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Microsoft *Was* Matchmaker Between BayStar & SCO

Microsoft *Was* Matchmaker Between BayStar & SCO

  • Read Bruce Perens on SCO's "Tapestry of Lies"

    BusinessWeek is today confirming the Net rumors that have been circulating alleging that Microsoft helped finance a small Utah software company's three lawsuits - against IBM and two corporations that use Linux, AutoZone and Daimler-Chrysler.

    According to the report, written by BWOnline's Jim Kerstetter:

    Lawrence Goldfarb, managing partner of BayStar, says that senior executives at the software giant had telephoned him about two months before the investment. Would he be interested in investing in SCO, they asked? Goldfarb wouldn't identify the executives, but says neither Chairman William Gates nor CEO Steve Ballmer were among them. He says Microsoft didn't put any money into BayStar or the SCO investment. A Microsoft spokesman says that the company has no "direct or indirect" financial relations with BayStar, but declined to comment when asked whether execs called BayStar to suggest investing in SCO.

    "Goldfarb's latest revelations don't provide a smoking gun," Kerstetter writes, "but they will undoubtedly add more grist for the suspicions of Linux enthusiasts who believe Microsoft is pulling out the stops to curb adoption of their beloved software."

    SCO Group stock, which started the week at just under $11, lost 10% of its value on Tuesday and another 7% yesterday, when it closed at $9.51.

  • More Stories By Linux News Desk

    SYS-CON's Linux News Desk gathers stories, analysis, and information from around the Linux world and synthesizes them into an easy to digest format for IT/IS managers and other business decision-makers.

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    Most Recent Comments
    Societal Tool Abuse Report #1238 03/11/04 05:38:13 PM EST

    You said it Milo,
    Hey, I heard that SCO gets two weeks to peruse the AIX code of IBM's or is it Novell's. Who's to say they don't photocopy all the code and then send it over to MS. Hell, who needs corporate espionage anymore, just pay a lawyer to subpeona someone's source code, and be like hey yea, my mistake. See ya later. And zip off with a zip diskette, No?!!!! Gives societal tool a new meaning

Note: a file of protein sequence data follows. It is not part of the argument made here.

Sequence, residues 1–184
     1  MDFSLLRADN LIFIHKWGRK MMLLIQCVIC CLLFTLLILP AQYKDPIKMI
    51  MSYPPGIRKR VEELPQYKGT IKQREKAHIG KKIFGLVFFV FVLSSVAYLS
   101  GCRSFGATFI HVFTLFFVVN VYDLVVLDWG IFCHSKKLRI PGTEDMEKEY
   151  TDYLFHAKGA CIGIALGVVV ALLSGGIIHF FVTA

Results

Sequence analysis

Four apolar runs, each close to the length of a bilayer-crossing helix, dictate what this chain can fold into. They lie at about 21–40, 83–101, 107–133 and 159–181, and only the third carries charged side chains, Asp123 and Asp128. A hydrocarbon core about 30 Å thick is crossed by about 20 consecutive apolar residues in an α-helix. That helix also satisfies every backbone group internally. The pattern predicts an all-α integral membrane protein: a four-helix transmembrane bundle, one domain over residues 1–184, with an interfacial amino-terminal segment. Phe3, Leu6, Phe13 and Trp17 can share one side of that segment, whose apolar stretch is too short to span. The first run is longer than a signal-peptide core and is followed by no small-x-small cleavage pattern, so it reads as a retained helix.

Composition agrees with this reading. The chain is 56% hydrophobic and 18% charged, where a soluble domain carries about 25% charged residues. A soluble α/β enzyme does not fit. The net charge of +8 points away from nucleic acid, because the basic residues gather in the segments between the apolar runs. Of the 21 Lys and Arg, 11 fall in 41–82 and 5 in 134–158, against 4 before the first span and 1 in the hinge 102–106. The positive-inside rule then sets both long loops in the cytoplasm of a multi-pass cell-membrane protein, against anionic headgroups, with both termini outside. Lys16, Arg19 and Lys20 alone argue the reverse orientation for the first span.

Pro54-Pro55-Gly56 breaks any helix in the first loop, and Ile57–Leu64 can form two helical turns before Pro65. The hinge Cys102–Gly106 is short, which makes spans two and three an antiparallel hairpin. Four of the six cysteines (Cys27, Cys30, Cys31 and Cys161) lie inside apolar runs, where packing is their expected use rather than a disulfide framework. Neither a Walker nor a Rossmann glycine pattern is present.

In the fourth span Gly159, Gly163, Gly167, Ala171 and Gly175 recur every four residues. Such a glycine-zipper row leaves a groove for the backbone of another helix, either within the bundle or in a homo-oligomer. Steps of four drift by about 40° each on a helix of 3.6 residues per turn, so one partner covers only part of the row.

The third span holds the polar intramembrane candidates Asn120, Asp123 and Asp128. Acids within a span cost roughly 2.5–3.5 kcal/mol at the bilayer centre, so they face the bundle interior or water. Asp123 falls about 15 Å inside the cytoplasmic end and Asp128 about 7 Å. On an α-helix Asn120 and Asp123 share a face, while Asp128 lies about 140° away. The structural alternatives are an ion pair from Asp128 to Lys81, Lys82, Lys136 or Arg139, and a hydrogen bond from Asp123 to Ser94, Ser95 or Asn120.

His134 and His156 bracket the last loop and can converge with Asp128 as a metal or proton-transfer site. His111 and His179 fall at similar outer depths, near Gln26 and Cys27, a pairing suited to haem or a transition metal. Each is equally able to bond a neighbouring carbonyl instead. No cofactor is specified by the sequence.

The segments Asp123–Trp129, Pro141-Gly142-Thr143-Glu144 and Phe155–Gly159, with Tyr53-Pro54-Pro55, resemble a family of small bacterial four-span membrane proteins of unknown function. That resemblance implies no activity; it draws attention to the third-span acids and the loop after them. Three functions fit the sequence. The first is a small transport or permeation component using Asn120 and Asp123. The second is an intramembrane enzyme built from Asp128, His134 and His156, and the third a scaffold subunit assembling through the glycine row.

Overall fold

This whole legislative battle is a joke. Why exactly did they drag out the proceedings after taking note the copyrights aren't interpreted as SCO feigned to believe? Well, for starters, they can start looking at anybody's source code in the immediate vicinity of their market topography. They've pratically got Carte Blanche~ to anybody's source code with whom they can reach. The motives are even more convoluted because they're in bed with microsoft. If you don't believe me, look at MS's new plans to come out with blade servers. What better way to start an enterprise if you can recycle someone's code to fit your design of optimization and compatability.
    Here, I'll spell it out.
    Microsoft is ripping off the AIX code
    SCO is a tool of Microsoft doing dirty work
    Really I'm making this up, have you ever watched Pelican Brief?, something just stinks about this, and SCO COULD NOT HAVE POSSIBLY HAVE FELT THEY COULD WIN THE LINUX SUIT BASED ON COPYRIGHT arguements.
    The greatest trick the devil ever did was convince the world he didn't exist

    Milo 03/11/04 05:17:07 PM EST

    But we knew already Microsoft funded somebody that gave millions to microsoft, Anyway, you suck

    Smithy 03/11/04 02:41:42 PM EST